Acts 8:1-5–The first Christians were harassed and killed, robbed and evicted. The most significant action the individual Christian took was to focus on the next person they met, even if that person was a stranger. They acted like they believed the message of the gospel wasn’t just for people like them, but instead for anyone willing to follow Jesus.

Wisdom of the Early church – Dealing with Freedom

Many people in our nation are currently debating the nature of freedom and its relationship to law and to others. While a number of people have articulated insightful and influential perspectives on the idea of freedom that offer some intellectual context for the debate, we look instead to the ruler of the kingdom in which we claim citizenship; we look to Jesus who announced that he came to “proclaim liberty to captives” (Luke 4:18) and we look to the example of the early church as people living out the liberty he proclaimed. We will therefore consider the early church’s teachings about freedom as a way to help us think about the freedom being debated in our nation today.

Wisdom of the Early Church – Dealing with Racism

Ephesians 2:11-22 Regardless of what one thinks about the phrase “black lives matter”, it represents a truth about our nation – we live in a society that politicizes race. And, despite claims that we have become a more ‘enlightened’ society, the strong reactions that phrase solicits from people reminds us that race really does matter in our county. Given the current turmoil surrounding race in our nation, we will consider the way the early church responded to the division it encountered between Jews and Gentiles and explore what guidance its response offers us.

PRAYERS PRODUCE PERPETUALLY

Alan Nalley, a missionary in Brazil whose work we help support, gives a report on his ministry. Alan and his wife, Ree, live in Guarapuava, Brazil, in Parana State. They began working full time in Guarapuava in January 2014, after 27 years of working with Christians in the city of Curitiba. Visit https://www.151cofc.com/ministries/missions/alan-and-ree-nalley/ for more about the Nalley’s work.

THE WISDOM OF THE EARLY CHURCH: Dealing with government oppression

Our government’s response to events over the past few months has raised fears in many people that it is taking away their rights. While they do not usually characterize it as ‘oppression’, we generally understand that claims about have one’s rights revoked or repressed belong in the category of oppression. The growing debate in our nation about these concerns raises the question about the relationship we, as Christians, ought to have with our government. We will therefore consider Peter’s message in 1 Peter to see what wisdom the early church can offer us that will help us better understand our relationship to our government.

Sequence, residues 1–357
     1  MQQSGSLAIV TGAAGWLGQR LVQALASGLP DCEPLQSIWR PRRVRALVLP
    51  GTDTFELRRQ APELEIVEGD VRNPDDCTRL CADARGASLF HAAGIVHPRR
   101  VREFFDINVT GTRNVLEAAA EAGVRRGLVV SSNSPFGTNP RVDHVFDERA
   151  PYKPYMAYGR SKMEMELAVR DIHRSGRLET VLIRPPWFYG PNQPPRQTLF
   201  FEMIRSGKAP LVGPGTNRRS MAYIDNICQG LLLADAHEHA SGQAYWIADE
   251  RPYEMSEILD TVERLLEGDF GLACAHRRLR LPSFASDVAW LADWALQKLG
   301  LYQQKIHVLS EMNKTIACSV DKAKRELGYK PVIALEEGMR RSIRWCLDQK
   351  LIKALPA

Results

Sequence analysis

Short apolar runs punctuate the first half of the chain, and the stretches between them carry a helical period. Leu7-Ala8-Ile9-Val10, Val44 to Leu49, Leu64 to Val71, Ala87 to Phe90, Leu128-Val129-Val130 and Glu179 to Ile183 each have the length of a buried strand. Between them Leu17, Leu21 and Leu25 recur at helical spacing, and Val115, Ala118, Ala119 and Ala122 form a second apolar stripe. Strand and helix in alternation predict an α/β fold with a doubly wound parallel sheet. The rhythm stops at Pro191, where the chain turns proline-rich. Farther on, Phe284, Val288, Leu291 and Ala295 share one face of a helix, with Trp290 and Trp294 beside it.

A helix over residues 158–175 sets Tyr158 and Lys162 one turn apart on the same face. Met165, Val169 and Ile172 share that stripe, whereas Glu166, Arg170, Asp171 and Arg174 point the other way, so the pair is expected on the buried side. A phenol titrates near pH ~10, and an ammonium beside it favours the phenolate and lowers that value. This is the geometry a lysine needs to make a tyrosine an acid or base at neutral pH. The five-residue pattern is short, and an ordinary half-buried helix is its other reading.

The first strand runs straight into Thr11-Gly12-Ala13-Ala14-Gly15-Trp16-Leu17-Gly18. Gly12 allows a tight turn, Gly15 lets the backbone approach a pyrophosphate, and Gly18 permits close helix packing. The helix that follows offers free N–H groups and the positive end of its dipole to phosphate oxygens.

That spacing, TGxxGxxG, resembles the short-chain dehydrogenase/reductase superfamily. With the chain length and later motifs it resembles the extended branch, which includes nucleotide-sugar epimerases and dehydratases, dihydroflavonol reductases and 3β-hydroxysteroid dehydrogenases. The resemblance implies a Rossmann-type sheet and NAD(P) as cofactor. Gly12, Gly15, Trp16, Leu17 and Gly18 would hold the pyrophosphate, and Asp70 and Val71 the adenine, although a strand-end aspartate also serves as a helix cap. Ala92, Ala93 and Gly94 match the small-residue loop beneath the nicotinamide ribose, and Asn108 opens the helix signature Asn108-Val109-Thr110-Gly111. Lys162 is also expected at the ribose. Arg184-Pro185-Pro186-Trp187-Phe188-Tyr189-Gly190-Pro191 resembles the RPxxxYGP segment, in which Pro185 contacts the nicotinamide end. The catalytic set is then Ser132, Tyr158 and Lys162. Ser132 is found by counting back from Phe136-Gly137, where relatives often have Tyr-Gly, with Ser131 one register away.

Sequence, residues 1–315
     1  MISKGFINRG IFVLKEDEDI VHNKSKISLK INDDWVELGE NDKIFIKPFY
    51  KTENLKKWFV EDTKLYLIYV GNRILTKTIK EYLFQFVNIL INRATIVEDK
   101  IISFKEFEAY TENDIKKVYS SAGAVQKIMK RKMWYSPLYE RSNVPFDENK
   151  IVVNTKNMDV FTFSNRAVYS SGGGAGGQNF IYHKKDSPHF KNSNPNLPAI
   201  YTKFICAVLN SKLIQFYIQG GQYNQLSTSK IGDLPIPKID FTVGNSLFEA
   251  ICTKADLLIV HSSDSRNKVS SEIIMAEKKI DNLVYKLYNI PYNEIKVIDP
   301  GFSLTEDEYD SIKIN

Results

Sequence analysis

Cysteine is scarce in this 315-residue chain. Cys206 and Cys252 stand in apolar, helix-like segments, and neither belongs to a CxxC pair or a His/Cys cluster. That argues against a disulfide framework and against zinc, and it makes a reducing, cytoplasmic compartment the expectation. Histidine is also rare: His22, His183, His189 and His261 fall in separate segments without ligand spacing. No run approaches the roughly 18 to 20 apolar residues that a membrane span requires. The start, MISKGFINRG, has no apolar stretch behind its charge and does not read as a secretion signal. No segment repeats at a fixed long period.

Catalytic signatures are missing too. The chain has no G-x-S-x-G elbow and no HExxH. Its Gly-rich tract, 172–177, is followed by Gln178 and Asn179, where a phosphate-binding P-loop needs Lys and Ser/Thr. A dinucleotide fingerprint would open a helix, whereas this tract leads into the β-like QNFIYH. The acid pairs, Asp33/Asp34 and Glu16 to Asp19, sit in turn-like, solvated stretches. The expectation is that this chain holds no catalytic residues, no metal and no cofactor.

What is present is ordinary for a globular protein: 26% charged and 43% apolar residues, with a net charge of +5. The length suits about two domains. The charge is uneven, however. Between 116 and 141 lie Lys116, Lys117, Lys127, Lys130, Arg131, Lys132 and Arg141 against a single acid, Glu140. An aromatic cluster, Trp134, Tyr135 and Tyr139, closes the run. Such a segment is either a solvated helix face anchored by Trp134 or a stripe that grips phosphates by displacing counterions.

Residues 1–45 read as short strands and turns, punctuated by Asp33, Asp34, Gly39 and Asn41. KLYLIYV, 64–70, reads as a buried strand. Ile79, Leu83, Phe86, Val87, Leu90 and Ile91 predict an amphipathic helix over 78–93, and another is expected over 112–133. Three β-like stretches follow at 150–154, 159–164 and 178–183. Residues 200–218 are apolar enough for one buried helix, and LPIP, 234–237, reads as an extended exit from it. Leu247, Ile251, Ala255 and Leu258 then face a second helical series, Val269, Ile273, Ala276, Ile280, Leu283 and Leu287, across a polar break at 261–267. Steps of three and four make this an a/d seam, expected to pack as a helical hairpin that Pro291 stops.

THE WISDOM OF THE EARLY CHURCH, Jesus is the center

This lesson begins a series considering the wisdom of the early church, the wisdom that allowed them to navigate the daily realities of the first century world and evidence their claim of citizenship in Jesus’ kingdom. This first lesson considers the most important, and basic, wisdom of the early church – make Jesus the center of your life

Kingdom conflict

Conflict seems to define the histories of our world’s nations. It proves so central to our understanding of nations that we even evaluate countries on the basis of their military strength and willingness to engage in conflict. Jesus came into the world announcing the arrival of a new kingdom, a kingdom over which he rules. But Jesus’ kingdom rejects the conflict thinking that defines the world’s kingdoms. His rejection of the world’s thinking does not result in his kingdom becoming some kind of spiritual Switzerland; instead Jesus’ kingdom embraces a radical agenda – Jesus’ kingdom seeks to reshape the world, which solicits the world’s hostility. This lesson concludes our exploration of Jesus’ kingdom and his expectations for those who claim citizenship in it by considering the conflict his kingdom encounters in the world and how he expects citizens of his kingdom to respond to that conflict.”

Jesus’ Kingdom Values

This lesson continues an exploration of Jesus’ kingdom and his expectations for those who claim citizenship in it. In particular, this lesson considers the values that motivate Jesus’ kingdom, how those values differ from the values that define the world’s kingdoms, and the place his kingdom values should have within the lives of its citizens.